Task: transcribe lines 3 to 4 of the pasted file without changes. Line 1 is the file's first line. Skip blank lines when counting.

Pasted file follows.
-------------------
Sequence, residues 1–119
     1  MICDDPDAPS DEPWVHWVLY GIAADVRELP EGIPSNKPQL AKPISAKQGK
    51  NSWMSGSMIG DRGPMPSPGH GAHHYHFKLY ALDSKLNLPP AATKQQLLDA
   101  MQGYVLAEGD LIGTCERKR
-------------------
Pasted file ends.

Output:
    51  NSWMSGSMIG DRGPMPSPGH GAHHYHFKLY ALDSKLNLPP AATKQQLLDA
   101  MQGYVLAEGD LIGTCERKR